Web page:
Italian Sausage, Kale, and Cannellini Bean Soup

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Andrea Meyers - Italian Sausage, Kale, and Cannellini Bean Soup

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While recovering from surgery in February, our friends and neighbors made wonderful meals for us, which is a very good thing because I wasn’t going anywhere far from the chair during that first week. My neighbor Dee Dee brought over a pot of sausage and lentil soup that my guys flipped over—yes, the boys went back for seconds—and we managed to save enough for another meal, but it was all gone after that. Michael asked me to make it sometime, and I promised I would once I was back on my feet.

Ten days after surgery I was in the kitchen, thinking about that soup and looking through the pantry and freezer to see what we had. The cannellini beans called and I just started playing with ingredients. We had received two Edible Arrangements fruit bouquets that week, which have lots of beautiful kale, and all of that kale went into the pot, too.

Michael crumbled the sausage and did the taste testing, which was a big help since my appetite had not returned yet. But I was still proud of myself for getting back on my feet and making a meal. Michael’s parents arrived that afternoon with a car full of groceries and hands ready to help, and later we sat down to share this soup and enjoy dinner together, an affirmation of the love in our family.

Recipe Notes

When I make soup, I make enough for leftovers, so this is a big batch. The soup can be frozen in quart containers for up to three months. I use pork sausage from Logan’s Sausage, a local family-owned company, but you can use turkey or chicken sausage if you prefer. Fat content in sausage can vary, so if your sausage is lean and doesn’t leave enough fat in the pot, add a little olive oil for sautéing the onions. Make sure you soak the beans before cooking following directions in Dry Beans and Legumes Cooking Chart.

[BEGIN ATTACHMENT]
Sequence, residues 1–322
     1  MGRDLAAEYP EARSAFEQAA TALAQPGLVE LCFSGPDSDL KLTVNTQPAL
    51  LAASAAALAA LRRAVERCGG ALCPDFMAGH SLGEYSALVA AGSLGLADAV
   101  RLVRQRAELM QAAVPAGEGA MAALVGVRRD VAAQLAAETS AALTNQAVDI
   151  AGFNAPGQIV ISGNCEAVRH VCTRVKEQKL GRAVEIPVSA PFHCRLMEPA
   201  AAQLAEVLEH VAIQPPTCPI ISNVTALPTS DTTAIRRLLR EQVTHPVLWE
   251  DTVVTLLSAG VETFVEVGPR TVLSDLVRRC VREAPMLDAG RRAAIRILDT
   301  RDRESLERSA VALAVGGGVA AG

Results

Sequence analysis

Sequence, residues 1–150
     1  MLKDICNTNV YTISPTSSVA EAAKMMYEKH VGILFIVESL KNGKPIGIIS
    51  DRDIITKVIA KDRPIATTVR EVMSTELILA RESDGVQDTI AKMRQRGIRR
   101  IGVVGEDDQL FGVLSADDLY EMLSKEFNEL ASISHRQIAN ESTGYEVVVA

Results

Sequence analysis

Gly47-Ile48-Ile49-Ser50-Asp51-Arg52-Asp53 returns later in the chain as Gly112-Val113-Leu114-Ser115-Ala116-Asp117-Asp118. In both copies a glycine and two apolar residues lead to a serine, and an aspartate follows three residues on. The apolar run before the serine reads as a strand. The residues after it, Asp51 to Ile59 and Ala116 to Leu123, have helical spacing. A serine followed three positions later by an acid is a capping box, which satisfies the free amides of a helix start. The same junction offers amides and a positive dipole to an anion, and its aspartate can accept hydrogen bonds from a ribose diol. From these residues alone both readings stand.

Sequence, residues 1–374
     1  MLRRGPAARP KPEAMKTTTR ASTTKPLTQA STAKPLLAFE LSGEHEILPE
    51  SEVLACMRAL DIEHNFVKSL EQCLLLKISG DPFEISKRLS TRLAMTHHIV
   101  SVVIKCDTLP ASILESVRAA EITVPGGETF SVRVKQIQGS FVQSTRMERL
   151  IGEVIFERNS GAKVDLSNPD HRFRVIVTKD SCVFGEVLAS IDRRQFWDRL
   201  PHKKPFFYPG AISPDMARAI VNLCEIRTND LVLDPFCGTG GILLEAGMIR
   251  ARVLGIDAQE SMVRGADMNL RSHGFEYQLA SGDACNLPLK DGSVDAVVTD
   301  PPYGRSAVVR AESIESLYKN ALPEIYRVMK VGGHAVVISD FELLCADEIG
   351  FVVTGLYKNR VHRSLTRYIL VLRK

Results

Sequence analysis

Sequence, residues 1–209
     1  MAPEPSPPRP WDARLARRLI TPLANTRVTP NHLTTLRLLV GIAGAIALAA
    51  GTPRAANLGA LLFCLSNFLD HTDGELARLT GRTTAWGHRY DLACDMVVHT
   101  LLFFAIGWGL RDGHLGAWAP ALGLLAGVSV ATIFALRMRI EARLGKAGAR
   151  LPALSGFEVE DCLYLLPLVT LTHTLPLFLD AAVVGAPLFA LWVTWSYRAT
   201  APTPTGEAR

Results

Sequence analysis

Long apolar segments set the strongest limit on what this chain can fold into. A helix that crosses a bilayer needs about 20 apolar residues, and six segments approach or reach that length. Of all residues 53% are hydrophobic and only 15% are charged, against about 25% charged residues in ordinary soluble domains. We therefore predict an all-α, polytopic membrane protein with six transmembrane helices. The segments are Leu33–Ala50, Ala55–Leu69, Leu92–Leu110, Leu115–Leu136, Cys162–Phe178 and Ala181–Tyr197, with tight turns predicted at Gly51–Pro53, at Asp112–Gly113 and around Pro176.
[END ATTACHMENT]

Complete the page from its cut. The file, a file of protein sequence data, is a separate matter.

Serves 8.


10-quart stock pot with lid


1 pound dry cannellini beans, soaked and drained
1 pound hot Italian sausage
1 pound mild Italian sausage
1 large onion, chopped
3 cloves garlic, minced
1 (28-ounce/794 g) can diced tomatoes
1-inch piece Parmesan or Grana Padano cheese rind
2 bay leaves
2 quarts homemade chicken broth or low-sodium chicken broth
1 pound kale, stems trimmed, chopped
kosher salt, to taste
freshly ground black pepper, to taste
1 pound ditalini pasta, cooked and drained
1/4 cup chopped fresh parsley


1. Remove the skin from the sausage and crumble. Brown the sausage in the pot, and transfer to a paper towel to drain, reserving 2 tablespoons of the rendered fat in the pot. Sauté the onions until they turn golden, about 3 to 4 minutes. Add the garlic and sauté for another minute, then return the sausage to the pot.

2. Add the drained beans, diced tomatoes, cheese rind, bay leaves, and the chicken broth. Cover and bring to a boil, then simmer until the beans are tender, about 1 hour. Add the kale and simmer until it is tender, about 10 minutes. Stir in the cooked pasta and parsley, and simmer for 1 more minute, then serve.

More Soup Recipes

Andrea Meyers - Spinach and Tortellini Soup (The Kids Cook Monday) Andrea Meyers - Carrot and Ginger Soup Andrea Meyers - Steamy Kitchen's Pho Ga

More Kale Soup Recipes From Other Blogs

Gluten-Free Goddess – Kale Soup with Spicy Chicken Sausage and Sweet Potato

Gourmande in the Kitchen – Winter Greens and Egg Soup (Stracciatella, Aigo Boulido)

Kalyn’s Kitchen – Chicken Soup with Farro, Kale, and Turmeric

Feasting at Home – Kale, Chickpea, and Chicken Soup with Rosemary Croutons

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  1. says

    I love that you’re feeling well enough to make a delicious-sounding soup like this! The soup has so many of my favorite ingredients, I’m sure I’d love it.

  2. says

    This is my first visit to your site. It is wonderful. Complimenti! I am sorry to hear you had surgery, but since you are back cooking, I shall rest easy knowing that your recuperation is well underway.

    Cannellini beans are wonderful, and so is kale. This healthful, restorative combination is good for rebuilding the body and sustaining the soul. Get well soon!


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